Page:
Lately I have been trying to educate myself in regards to the terminology of Hearthstone. Which leads me to my wish, to try out different types of decks.

But on thing that I dont get, is the difference between Aggro Decks and Rush Decks.

What is the core differences between an Aggro deck and a Rush deck?

Is there any difference at all?

Notes: Great explanation of Aggro deck: What does the term "aggro deck" mean?

2 Answers 2


At their core, both terms are very similar. There is a slight difference though, which is also touched upon in this reddit comment.

In an aggro deck, every card is supposed to come out quickly and put pressure on the opponent. The term is very well explained in the question you linked, so I won't get too specific, but what I want to emphasize is that the aggressive nature of the deck means every card supports the aggressive mindset and tries to do something immediately.

Rush decks, on the other hand, are defined by their goal of winning quickly. While this usually means being aggressive (in fact, most rush decks also qualify as aggro decks and vice-versa), it can sometimes mean trying to get to a cheap combo quickly. The important point here is to win as quickly as possible, giving the opponent a minimum of time to setup some sort of big strategy.
Current Hunter decks are an example, while they try to win quickly and put the opponent on a clock, they don't necessarily do so aggressively by playing lots of minions and attacking, but can sometimes wait a few turns just doing damage with their hero power and Eaglehorn Bow, using Secrets to keep the Bow on their field, waiting for everything to fall into place for their big Unleash the Hounds combo.

Basically, "rush" refers to a kind of time frame (early/mid/late game), the others being midrange and control, while "aggro" refers to a strategy (e.g. rush, combo, aoe, big guys, ...).

So, to summarize:

Aggro decks

  • have an aggressive playstyle
  • use every card as quickly as possible
  • put pressure on the opponent at all times
  • can choose to trade favorably instead of doing as much damage as possible

Rush decks

  • try to win quickly
  • sometimes hold on to cards and wait for combos
  • put the opponent on a clock
  • nearly always do as much damage as possible

I'm going to disagree with scenia here. I think that the terminology "rush deck" is just used interchangeably with "aggro deck". While there are fast combo decks (like the degenerate alarmobot+innervate combo deck), the hearthstone community is not typically referring to those as rush decks, from what I can see on the forums and on sites covering hearthstone. Rather, rush deck is just being used to mean "aggro deck". For example, Ten Ton Hammer's guide to rush decks is just a guide to aggro decks. On the other hand, I don't see players describing fast combo decks as a "rush" strategy, but rather defining them by the two combo pieces. For example innervate/alarm-o-bot, or a specific name.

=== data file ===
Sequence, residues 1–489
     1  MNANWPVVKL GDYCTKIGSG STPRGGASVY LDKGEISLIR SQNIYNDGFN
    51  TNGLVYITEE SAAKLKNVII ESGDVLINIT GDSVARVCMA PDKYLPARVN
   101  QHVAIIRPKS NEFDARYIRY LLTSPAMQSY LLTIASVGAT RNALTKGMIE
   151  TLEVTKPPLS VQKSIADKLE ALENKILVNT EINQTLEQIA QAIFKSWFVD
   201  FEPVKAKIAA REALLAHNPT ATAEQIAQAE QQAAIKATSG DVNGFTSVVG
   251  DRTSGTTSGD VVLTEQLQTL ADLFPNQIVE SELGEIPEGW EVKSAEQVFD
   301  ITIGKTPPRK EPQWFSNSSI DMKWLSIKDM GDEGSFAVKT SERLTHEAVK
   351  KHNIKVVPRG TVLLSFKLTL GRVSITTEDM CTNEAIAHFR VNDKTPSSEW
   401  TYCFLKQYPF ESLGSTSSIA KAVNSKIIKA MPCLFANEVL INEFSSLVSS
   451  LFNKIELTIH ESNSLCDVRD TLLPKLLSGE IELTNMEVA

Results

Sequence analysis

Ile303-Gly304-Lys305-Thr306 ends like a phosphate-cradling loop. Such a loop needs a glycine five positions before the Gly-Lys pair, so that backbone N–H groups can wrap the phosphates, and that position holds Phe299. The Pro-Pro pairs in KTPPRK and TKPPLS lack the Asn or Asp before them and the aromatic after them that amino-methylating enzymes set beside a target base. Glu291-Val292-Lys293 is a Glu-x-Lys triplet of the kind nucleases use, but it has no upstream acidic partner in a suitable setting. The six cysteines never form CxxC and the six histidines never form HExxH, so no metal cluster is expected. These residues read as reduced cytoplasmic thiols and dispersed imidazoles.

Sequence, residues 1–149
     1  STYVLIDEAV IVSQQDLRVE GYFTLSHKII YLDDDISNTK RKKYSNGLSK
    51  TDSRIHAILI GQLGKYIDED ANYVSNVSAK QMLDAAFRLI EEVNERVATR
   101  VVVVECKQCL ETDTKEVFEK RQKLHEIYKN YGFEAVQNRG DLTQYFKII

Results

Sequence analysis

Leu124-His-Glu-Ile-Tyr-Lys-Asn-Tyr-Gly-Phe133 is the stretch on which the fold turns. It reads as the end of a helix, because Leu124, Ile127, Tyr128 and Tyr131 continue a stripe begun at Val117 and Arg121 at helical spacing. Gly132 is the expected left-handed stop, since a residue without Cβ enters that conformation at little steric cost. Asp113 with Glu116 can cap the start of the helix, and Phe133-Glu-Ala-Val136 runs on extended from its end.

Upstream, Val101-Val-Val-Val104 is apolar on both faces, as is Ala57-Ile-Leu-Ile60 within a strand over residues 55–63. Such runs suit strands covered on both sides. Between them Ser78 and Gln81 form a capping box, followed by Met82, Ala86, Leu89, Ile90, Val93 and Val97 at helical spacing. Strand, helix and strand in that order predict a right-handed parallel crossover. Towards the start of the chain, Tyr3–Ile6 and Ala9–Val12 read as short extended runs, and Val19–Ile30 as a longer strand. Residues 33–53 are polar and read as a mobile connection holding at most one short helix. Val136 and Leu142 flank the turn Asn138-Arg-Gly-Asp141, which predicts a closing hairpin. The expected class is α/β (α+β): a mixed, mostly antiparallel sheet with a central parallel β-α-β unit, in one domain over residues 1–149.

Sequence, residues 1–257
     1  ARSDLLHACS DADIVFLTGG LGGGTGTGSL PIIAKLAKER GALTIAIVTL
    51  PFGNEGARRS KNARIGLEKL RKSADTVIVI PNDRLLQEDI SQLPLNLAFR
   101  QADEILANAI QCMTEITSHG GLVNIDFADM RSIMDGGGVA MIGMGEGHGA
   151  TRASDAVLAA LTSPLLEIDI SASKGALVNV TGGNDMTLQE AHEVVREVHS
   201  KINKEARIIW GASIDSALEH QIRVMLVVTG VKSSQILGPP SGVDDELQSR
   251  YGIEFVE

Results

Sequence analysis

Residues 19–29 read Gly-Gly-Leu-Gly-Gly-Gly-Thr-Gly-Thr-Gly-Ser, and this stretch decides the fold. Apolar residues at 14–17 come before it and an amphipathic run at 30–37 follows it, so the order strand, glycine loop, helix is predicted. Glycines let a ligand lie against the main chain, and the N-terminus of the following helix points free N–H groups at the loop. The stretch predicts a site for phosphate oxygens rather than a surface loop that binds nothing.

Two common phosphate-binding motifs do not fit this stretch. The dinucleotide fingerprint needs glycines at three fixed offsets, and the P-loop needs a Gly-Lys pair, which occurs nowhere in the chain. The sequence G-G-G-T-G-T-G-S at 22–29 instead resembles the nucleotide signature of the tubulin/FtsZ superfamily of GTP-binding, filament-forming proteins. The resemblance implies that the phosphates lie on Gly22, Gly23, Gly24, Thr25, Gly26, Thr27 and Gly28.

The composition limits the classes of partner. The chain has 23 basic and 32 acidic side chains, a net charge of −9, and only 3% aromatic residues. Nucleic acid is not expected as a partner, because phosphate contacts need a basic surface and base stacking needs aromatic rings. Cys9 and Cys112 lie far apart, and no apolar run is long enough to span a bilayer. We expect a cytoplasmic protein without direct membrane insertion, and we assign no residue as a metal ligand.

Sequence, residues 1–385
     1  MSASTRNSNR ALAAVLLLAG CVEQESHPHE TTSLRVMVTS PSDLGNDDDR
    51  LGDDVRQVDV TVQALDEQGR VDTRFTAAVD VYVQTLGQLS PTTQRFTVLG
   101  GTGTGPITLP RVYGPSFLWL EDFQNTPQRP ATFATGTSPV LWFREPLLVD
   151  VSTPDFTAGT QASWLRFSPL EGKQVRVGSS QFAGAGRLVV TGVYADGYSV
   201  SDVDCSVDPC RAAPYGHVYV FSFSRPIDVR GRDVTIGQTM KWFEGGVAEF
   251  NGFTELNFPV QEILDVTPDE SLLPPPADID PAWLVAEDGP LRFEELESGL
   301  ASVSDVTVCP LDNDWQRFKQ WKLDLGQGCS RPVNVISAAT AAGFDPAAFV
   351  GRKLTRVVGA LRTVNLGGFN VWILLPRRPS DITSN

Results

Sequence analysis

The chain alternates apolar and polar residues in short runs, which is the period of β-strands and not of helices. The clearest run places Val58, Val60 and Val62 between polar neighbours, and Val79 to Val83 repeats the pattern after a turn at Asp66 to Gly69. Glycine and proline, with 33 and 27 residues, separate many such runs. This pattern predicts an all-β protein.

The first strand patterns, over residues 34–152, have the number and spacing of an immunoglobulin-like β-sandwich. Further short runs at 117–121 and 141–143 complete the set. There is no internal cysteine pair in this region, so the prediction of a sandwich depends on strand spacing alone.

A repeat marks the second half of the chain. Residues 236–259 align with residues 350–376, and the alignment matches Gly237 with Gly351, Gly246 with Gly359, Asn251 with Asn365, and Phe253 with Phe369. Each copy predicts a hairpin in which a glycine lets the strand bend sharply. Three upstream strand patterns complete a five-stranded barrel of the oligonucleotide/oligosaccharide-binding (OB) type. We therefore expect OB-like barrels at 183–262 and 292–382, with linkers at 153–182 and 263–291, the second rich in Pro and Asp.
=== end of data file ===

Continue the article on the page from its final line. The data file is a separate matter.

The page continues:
• But what category/kind of deck is Innervate/Alarm-o-bot? Also, what would you classify the current Hunter decks as? Aggro doesn't really fit, they sometimes afk he first 4 turns just to come back with their UTH combo and take the game within one or 2 turns. This is still rushing, it's clearly neither midrange nor control. I think they usually mean the same, but rush considers the phase of the game they prefer (early game: rush, mid game: midrange, late game: control), while aggro considers the overall strategy (rush, combo, aoe, big guys).
    – scenia
    Commented Apr 12, 2014 at 19:26
  • @scenia Combo deck. Just because its fast doesn't make it not a combo deck.
    – Lawton
    Commented Apr 14, 2014 at 1:46
  • 1
    To be clear, I don't think your explanation is necessarily unreasonable, but I think people will be confused if you refer to a fast combo deck as a rush deck, based on current usage in the community. Its worth noting that all the terminology is drawn from Magic the gathering, where it would definitely be a source of confusion to call a combo deck a rush deck even if it wins in 1-3 turns. I would say its on you to demonstrate people actually do use the term rush deck to refer to fastcombo decks.
    – Lawton
    Commented Apr 14, 2014 at 2:05
  • 1
    Lawton, to be fair, you say that all the terminology is drawn from Magic the Gathering, whereas this clearly isn't true at all, due to the term 'rush deck' isn't used in MTG. If you said rush deck in terms of MTG, any seasoned player would likely correct you to 'aggro deck', again, due to it not being a common term in MTG.
    – Waterseas
    Commented Apr 14, 2014 at 19:47
  • @Waterseas Yes, that is true. I think that "rush deck" is the result of video gamers not experienced with traditional card games trying to find a word for aggro deck, because they haven't yet been exposed to the terminology.
    – Lawton
    Commented Apr 14, 2014 at 23:59

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